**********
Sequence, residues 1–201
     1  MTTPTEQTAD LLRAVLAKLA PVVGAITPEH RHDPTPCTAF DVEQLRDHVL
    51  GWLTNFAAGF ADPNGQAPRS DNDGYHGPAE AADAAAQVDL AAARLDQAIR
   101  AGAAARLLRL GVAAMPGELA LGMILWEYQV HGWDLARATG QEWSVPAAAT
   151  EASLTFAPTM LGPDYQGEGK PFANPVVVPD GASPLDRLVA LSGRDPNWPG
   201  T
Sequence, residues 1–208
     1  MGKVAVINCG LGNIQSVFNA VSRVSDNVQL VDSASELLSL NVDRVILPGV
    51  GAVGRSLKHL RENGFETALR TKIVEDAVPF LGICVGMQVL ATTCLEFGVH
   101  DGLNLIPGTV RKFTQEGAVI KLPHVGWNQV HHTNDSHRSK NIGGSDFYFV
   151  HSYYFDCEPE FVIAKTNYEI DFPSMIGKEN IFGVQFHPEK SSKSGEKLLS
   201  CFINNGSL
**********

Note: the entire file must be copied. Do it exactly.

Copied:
Sequence, residues 1–201
     1  MTTPTEQTAD LLRAVLAKLA PVVGAITPEH RHDPTPCTAF DVEQLRDHVL
    51  GWLTNFAAGF ADPNGQAPRS DNDGYHGPAE AADAAAQVDL AAARLDQAIR
   101  AGAAARLLRL GVAAMPGELA LGMILWEYQV HGWDLARATG QEWSVPAAAT
   151  EASLTFAPTM LGPDYQGEGK PFANPVVVPD GASPLDRLVA LSGRDPNWPG
   201  T
Sequence, residues 1–208
     1  MGKVAVINCG LGNIQSVFNA VSRVSDNVQL VDSASELLSL NVDRVILPGV
    51  GAVGRSLKHL RENGFETALR TKIVEDAVPF LGICVGMQVL ATTCLEFGVH
   101  DGLNLIPGTV RKFTQEGAVI KLPHVGWNQV HHTNDSHRSK NIGGSDFYFV
   151  HSYYFDCEPE FVIAKTNYEI DFPSMIGKEN IFGVQFHPEK SSKSGEKLLS
   201  CFINNGSL